Could Senate Republicans Take Election Hit Over Passage Of Obamacare Repeal That Guts Medicaid Expansion?
Though a presidential veto is all but certain, getting the bill to Barack Obama's desk would be a victory for a group of Republicans. Yet some Democrats see the legislation as an opportunity to attack Republicans in tight 2016 races for voting to drop insurance for thousands of people. Elsewhere, news outlets cover Medicaid and health exchange developments in Montana, Kentucky, Texas and Ohio.
Democrats Take Aim At GOP's Medicaid Repeal
Putting an Obamacare repeal on the president’s desk would mark a major psychological — if not an actual — victory for Republicans. But it also could come with electoral repercussions that Democrats believe could boost their efforts to recapture the Senate in 2016. This week, Senate Majority Mitch McConnell (R-Ky.) is poised to clinch the elusive 51 votes he needs to pass a repeal after devising a bill to appease a small group of conservative Republican senators. But the new version also would gut an expansion of Medicaid that’s put millions of Americans from low-income households on the insurance rolls. (Everett, 12/2)
The Great Falls (Mont.) Tribune:
Blue Cross Says Ready To Handle Medicaid Expansion
A state panel was told Tuesday that the third-party administrator for the state’s new expanded Medicaid program is ready to roll when the program kicks into gear on Jan. 1. And officials were told that 10,500 Montanans have enrolled in the program so far. (Drake, 12/1)
Kaiser Health News:
Kentucky Strategy Will Test Need For State-Run Obamacare Exchanges
Kentucky Gov.-elect Matt Bevin’s plan to dismantle the state’s successful health insurance exchange, Kynect, and shift consumers to the federal one would likely have little impact on consumers, health experts say. "The federal exchange is a perfectly viable alternative," said Jon Kingsdale, a Boston health care consultant who formerly led the state agency that started Massachusetts’ exchange in 2006, the model for the federal health law. Consumers on the federal exchange would still be able to shop and enroll in private plans and apply for federal subsidies to lower their costs. (Galewitz, 12/2)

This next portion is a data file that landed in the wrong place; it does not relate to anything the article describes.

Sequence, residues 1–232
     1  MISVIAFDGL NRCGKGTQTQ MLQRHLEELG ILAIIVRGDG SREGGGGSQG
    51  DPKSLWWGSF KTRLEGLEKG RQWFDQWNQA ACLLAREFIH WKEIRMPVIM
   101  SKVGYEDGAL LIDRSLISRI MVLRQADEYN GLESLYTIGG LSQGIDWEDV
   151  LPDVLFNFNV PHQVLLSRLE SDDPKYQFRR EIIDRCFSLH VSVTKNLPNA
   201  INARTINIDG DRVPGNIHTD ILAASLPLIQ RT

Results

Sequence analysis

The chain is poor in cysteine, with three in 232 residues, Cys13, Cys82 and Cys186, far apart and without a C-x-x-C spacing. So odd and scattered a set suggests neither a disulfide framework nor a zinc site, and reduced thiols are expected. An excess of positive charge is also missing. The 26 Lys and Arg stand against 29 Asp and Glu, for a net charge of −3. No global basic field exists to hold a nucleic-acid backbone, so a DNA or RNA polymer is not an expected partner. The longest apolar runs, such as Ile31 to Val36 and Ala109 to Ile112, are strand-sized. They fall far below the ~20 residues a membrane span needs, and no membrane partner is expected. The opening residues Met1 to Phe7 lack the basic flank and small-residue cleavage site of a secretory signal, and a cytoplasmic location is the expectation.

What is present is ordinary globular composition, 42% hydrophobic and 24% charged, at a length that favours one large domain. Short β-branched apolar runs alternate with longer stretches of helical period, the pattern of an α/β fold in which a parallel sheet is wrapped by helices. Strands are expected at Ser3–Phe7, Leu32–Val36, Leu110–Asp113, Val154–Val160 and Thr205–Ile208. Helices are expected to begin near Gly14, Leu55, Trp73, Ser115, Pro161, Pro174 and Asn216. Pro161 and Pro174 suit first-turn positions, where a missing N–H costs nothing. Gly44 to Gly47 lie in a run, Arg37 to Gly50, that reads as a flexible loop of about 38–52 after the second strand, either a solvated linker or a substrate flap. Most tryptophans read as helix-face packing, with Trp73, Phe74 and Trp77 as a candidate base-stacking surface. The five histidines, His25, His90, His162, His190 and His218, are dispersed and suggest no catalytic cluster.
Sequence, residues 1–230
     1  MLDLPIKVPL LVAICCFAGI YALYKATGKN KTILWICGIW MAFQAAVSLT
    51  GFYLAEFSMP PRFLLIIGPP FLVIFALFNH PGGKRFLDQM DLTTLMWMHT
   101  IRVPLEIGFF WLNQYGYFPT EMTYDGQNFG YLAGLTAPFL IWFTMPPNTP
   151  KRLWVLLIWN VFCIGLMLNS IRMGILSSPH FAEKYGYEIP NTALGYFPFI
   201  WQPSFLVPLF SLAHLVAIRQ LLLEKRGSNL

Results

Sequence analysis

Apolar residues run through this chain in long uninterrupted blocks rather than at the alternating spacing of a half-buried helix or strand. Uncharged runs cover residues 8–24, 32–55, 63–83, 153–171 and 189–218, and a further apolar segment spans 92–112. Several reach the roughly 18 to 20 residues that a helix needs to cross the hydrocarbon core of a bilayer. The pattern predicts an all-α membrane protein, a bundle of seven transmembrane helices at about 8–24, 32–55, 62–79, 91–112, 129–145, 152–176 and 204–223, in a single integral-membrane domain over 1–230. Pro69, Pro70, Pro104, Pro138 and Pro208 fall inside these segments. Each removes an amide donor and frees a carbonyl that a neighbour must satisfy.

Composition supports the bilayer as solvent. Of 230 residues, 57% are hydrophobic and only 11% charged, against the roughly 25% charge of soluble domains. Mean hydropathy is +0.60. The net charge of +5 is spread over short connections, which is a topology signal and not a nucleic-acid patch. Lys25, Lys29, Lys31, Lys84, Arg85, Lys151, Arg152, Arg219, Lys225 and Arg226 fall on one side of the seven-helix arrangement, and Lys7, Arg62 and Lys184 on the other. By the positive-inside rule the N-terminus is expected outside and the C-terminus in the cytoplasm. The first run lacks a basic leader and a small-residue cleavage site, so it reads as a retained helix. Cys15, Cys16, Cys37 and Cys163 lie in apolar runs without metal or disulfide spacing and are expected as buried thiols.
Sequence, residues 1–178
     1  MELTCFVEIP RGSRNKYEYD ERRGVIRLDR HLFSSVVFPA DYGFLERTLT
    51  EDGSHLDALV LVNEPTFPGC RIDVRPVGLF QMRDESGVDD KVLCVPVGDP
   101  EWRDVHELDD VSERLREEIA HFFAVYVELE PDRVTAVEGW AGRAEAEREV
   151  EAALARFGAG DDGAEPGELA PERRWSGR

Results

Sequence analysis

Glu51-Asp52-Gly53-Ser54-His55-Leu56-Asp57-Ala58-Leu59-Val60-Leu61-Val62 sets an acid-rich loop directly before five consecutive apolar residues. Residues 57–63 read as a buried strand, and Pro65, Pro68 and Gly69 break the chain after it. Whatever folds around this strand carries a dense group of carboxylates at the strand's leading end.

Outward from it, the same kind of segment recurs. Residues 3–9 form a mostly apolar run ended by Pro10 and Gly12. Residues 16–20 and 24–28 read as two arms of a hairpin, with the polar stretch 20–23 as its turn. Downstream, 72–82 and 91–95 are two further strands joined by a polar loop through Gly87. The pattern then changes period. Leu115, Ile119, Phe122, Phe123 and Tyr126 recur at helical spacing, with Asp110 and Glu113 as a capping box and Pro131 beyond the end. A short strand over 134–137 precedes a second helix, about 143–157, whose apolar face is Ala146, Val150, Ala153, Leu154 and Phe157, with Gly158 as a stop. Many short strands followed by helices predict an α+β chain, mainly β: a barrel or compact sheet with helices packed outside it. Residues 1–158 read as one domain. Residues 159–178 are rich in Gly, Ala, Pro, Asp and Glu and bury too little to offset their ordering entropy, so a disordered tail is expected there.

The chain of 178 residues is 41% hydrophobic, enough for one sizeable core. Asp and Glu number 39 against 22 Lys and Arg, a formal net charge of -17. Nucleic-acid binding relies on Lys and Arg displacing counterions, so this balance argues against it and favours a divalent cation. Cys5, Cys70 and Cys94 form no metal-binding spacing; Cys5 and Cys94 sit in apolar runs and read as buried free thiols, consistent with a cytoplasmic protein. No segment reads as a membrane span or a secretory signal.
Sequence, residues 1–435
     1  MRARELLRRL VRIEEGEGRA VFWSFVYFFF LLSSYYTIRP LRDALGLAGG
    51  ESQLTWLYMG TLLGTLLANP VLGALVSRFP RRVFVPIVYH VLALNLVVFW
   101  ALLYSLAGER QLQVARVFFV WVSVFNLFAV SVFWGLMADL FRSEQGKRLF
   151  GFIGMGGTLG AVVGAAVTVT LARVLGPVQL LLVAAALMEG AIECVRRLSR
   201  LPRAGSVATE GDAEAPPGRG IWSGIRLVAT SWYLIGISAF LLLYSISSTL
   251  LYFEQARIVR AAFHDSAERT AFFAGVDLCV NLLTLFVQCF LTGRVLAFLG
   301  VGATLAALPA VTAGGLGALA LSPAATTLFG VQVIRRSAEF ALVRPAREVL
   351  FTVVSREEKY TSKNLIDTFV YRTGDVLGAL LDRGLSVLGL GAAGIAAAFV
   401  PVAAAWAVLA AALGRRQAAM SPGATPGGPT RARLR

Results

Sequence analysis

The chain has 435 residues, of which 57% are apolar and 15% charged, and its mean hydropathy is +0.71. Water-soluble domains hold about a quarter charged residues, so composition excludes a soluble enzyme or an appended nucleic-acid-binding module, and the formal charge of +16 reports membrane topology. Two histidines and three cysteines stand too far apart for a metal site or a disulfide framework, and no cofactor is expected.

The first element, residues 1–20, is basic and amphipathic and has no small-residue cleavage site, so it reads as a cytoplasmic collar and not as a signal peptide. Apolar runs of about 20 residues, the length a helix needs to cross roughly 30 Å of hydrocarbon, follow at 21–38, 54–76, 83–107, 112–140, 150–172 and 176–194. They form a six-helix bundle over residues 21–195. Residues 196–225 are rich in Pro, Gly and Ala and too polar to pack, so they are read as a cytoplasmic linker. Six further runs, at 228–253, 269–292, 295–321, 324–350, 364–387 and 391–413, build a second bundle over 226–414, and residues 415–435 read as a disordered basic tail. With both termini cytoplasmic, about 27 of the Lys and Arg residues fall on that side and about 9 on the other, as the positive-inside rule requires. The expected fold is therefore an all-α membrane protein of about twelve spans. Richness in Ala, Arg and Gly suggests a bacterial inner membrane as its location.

Texas Premature Birth Rates Are Down. Thank Medicaid.
Last month brought good news: The premature birth rate in Texas has declined significantly, down from more than 13 percent of births a few years ago, to just over 10 percent. Although Texas still has one of the highest premature birth rates in the country, we are making progress. The most amazing part of the story is that this improvement is particularly focused on low-income women. Also welcome are the reasons for the improvement, and the specific people and organizations whose daily work continues to bring the premature birth rate down. Who are they? (Or, I should say, who are we?) More than 50 percent of all births in the Houston area and throughout Texas are covered by, financed through, and managed by Medicaid Managed Care Organizations such as Community Health Choice, Texas Children's Health Plan, and others. (Jada, 12/1)
The Cleveland Plain Dealer:
Summit County Company Owes Medicaid $167,000 For Fraudulent Charges, State Audit Says
A Medicaid transportation provider owes $167,000 in overcharges defrauding the state's Medicare fund, according to the Ohio state auditor. A to B Transportation, which provided ambulette transportation services to Medicaid patients in Summit County, ripped off the state's Medicaid fund 177 times between 2011 and 2013, the auditor says. The company also billed the state for some cancelled trips. (Harper, 12/1)